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  • Couples also spend too much money on their career moves and material goods that they simply can't afford to have children, according to the Emory University study.

  • But placing value in material goods over children isn't always the best approach, and it may soon change with this generation's group of youngsters. A Pew Research Center study from 2011 found millennials put parenthood ahead of other life choices, like marriage.

  • And, according to Millennial Marketing, a Web platform that looks at how millennials fit into today's market, it seems young Americans appreciate family values over making money and embracing materialism.

  • Millennials want stable families, and have often said they want to put their families ahead of careers and gadgets. In fact, millennials plan to do this as they become parents by teaching their children that good family values outweigh new tech gadgets.

  • "An emphasis on travel, learning and experiences is characteristic of their generation and a pattern they are likely to carry over into their parenting," according to Millennial Marketing. "Again, this may be a function of necessity as well as values. Whatever the reason, look for houses to be smaller and greener, toys to be fewer and family activities to be more common."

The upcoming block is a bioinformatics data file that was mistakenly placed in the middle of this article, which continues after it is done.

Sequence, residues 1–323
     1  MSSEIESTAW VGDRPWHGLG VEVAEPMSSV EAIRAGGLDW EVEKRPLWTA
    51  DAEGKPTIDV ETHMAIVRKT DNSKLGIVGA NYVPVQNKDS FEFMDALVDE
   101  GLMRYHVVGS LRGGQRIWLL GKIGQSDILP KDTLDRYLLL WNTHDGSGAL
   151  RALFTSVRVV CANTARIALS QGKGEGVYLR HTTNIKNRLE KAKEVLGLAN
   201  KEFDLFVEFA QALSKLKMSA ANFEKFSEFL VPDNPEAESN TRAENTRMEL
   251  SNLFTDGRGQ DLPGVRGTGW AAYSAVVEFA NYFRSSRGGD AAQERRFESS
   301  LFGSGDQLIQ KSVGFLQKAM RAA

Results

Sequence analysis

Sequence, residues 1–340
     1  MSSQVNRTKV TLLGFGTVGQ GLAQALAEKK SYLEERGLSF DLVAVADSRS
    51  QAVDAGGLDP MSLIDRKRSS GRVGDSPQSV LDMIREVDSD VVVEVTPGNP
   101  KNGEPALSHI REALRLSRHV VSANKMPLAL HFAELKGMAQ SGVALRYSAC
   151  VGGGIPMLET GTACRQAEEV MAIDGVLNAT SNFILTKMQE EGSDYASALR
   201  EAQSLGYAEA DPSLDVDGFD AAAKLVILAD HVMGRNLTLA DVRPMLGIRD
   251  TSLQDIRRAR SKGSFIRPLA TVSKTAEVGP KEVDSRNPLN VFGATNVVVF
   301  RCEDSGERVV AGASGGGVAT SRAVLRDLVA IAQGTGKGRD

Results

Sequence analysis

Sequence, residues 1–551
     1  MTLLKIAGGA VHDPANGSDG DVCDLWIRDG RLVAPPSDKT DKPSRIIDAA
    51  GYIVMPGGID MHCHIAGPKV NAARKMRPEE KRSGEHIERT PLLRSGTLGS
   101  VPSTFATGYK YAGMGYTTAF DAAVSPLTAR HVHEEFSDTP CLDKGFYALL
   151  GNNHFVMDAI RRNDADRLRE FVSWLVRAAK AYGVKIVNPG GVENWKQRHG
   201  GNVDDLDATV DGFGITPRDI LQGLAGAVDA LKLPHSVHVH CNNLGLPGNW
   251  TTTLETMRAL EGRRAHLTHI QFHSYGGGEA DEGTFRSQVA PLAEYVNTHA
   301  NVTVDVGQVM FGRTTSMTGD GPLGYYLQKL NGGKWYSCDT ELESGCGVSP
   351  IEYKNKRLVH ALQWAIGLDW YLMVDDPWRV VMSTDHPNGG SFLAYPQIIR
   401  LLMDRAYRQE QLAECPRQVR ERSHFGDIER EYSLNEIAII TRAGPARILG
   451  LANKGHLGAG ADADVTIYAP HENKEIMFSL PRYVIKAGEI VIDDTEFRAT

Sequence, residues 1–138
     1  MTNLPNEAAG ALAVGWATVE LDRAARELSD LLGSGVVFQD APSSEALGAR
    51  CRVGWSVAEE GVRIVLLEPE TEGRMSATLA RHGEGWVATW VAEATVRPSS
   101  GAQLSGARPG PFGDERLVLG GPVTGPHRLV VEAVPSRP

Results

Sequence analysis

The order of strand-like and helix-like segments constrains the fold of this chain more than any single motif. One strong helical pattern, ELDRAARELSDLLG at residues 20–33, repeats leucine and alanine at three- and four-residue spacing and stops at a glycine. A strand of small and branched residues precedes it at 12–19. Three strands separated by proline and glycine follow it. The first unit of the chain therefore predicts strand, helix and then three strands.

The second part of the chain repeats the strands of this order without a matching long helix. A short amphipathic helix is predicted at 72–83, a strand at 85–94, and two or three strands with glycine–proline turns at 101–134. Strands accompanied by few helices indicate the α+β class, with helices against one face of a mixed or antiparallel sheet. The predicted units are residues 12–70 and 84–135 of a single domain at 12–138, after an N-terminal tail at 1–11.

• Experts often recommend this for all parents. Experiences and good behavior matter most when it comes to parenting, not the materials children get from stores.

  • "What I want is for my kids to remember horseback riding, to remember spotting the starfish at low tide, to remember that time they were playing in the cold California waves and Mom went in all the way up to her waist even though she was wearing jeans," Erika Janes of Parents magazine wrote. "To remember whittling the bark off of a walking stick found by the side of the road. To remember that the best things from vacations (and from life) can come home with you - but not in a suitcase."

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  • Still, the choice is up to parents (or soon-to-be parents) about what they value more. Here are some "would you rather" questions to help you determine what you want your child (or future child) to value in his or her life.

  • Your child's first toy: a toy smartphone or a set of building blocks?

  • Would you rather send your child to private school or public school?

  • Would you rather have your baby sleep in a crib or in your room?

  • Would you rather give your child a cellphone at age 10 or 16?